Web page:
Good grooming comes naturally to most cats. They diligently lick their fur multiple times per day, ensuring that their coats look sleek and healthy no matter what the season. When your normally well-groomed pet suddenly looks greasy and disheveled, it’s only normal to be concerned. Although most short-term changes in grooming aren’t serious, over- or under-grooming can be a sign of a health problem.
Why Do Cats Groom Themselves?
Grooming removes loose hair and distributes natural oils along the coat, but it also offers several other benefits. Have you ever noticed that your cat spends more time grooming on hot, humid summer days? Grooming offers a natural cooling effect that can help your feline feel more comfortable when the temperature soars. Grooming also helps cats get rid of irritating substances and invaders, such as allergens and insects that may have hitched a ride on your pet’s body. Many cats find grooming soothing and will settle down for a long licking session if they feel a little anxious.
Why is Over-Grooming a Problem?
Although it might seem as if your cat could never be too clean, over-grooming isn’t good for your pet’s skin. Excessive grooming can lead to hair loss and bald patches on the skin. If your pet’s rough tongue breaks the surface of the skin, infected sores may form.
Cats over-groom for several reasons, including:
- Creepy, Crawly Bugs. If your cat has fleas or other parasites, he or she will try to get rid of the irritating pests by licking them away.
- Itching. Frequent grooming may be your pet’s way of handling itchy skin, due to allergies or parasites.
- Pain. In your cat’s mind, grooming is a natural pain reliever. If your pet has developed arthritis or another painful condition, he or she may spend more time than usual licking one particular area.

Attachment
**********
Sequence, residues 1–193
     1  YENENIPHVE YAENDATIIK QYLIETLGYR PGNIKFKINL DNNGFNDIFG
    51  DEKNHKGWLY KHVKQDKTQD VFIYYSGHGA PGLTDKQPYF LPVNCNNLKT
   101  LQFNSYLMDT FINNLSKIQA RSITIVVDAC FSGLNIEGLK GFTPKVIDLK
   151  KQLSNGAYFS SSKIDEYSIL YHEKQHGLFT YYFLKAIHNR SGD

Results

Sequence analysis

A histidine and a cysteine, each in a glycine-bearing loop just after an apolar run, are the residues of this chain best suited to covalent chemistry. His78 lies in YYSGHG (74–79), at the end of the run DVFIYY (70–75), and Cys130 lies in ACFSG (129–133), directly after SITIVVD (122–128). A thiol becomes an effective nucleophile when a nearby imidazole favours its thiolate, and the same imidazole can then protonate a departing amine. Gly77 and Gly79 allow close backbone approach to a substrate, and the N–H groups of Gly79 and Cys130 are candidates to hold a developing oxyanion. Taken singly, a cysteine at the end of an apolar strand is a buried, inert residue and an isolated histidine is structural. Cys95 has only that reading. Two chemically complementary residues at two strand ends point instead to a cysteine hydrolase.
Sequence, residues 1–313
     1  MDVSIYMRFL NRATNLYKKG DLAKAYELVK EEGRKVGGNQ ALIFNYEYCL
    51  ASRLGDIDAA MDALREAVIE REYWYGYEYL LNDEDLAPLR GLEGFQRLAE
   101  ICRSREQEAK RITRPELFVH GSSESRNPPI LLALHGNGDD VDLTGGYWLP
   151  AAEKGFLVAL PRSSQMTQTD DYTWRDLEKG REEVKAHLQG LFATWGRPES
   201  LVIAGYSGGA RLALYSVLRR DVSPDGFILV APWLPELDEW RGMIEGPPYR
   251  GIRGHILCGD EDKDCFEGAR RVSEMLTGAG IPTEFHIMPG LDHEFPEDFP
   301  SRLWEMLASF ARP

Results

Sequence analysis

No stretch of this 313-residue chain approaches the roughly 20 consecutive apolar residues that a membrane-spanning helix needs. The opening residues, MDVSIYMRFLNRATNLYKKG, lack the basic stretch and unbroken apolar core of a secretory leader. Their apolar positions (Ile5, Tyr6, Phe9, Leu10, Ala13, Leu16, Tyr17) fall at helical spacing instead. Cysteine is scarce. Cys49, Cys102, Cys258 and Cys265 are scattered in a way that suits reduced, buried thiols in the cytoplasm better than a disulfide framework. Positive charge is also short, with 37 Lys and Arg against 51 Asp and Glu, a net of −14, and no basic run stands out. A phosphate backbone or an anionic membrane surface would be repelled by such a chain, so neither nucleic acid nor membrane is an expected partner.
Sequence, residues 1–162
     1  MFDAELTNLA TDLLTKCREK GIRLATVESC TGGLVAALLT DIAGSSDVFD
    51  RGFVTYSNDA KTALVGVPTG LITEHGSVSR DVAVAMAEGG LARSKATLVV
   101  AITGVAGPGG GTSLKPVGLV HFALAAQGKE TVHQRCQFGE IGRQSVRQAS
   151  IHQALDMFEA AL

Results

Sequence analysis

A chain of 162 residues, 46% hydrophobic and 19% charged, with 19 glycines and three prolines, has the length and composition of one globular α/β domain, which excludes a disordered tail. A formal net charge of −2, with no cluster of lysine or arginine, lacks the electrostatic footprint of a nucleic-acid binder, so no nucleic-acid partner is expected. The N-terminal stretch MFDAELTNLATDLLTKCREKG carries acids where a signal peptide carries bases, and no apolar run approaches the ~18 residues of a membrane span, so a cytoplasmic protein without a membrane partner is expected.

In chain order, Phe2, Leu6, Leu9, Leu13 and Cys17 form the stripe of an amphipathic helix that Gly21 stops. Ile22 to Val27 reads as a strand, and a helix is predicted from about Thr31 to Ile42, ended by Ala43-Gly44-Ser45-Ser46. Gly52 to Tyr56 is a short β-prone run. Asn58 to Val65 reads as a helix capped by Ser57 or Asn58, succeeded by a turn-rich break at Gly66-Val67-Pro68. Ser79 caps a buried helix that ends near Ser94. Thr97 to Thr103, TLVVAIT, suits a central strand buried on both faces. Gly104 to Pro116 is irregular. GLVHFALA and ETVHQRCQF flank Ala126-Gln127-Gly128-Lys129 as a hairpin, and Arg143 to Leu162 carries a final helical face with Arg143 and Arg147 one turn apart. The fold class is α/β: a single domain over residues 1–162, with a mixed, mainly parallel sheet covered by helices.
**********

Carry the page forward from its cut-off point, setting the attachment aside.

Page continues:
- Stress. Has your pet’s normal routine changed lately? Any change can cause stress and anxiety, such as the addition of a new person or pet, a move to a new home or the death of a family member or pet.
- Feline Hyperesthesia Syndrome (FHS). The skin becomes extremely sensitive in cats who have FHS. The syndrome can be caused by allergies, fleas, ringworm, neurological conditions that affect the spine or tail, or compulsive behavior. If your cat has FHS, he or she may frantically lick or bite the skin in an attempt to calm the uncomfortable sensations.
Why Do Some Cats Stop Grooming?
Infrequent grooming is also a cause for concern. Lack of interest in grooming may occur if your cat has:
- Arthritis. Painful joints make it difficult to reach all areas of the body easily.
- Illness. Grooming may require too much energy if your pet doesn’t feel well.
- Obesity. Packing on a few pounds isn’t just bad for your pet’s health, but can also make grooming harder.
- Dementia. Older pets who have dementia may simply forget to clean themselves.
- Mouth Pain. Your cat may have stopped grooming due to a dental issue or even a tumor in the mouth.
- Anxiety. Although stress and anxiety can cause excessive grooming, some cats react to stressors by avoiding grooming.
Why Can I Do to Help My Cat?
It’s a good idea to schedule a visit with your pet’s veterinarian if grooming changes last more than a few days. If the visit reveals a health issue, your pet will receive the appropriate treatment for his or her condition, such as flea or allergy medications, special shampoos that soothe the skin and reduce allergens, or dental treatment.
When grooming issues are caused by weight gain, your pet’s vet can provide information on weight loss and recommend foods that will help your cat stay slim. Older pets who have arthritis or dementia may need a little help with grooming. Daily brushing will help your cat’s coat look its best and also give you the perfect opportunity to spend a little quality time with your favorite feline.
Anxious pets may benefit from natural pheromones or even prescription anti-anxiety medication in severe cases. Maintaining a consistent routine and spending more time than usual with your pet can help him or her feel more secure and relaxed.
Are you concerned about your cat’s grooming habits? We can help. Call us to schedule a convenient appointment for your furry friend.
Hill’s Pet Nutrition: How Your Cat Uses Its Tongue for Grooming
Cornell Feline Health: Cats That Lick Too Much
Animal Planet: Why Is Your Cat Not Grooming Himself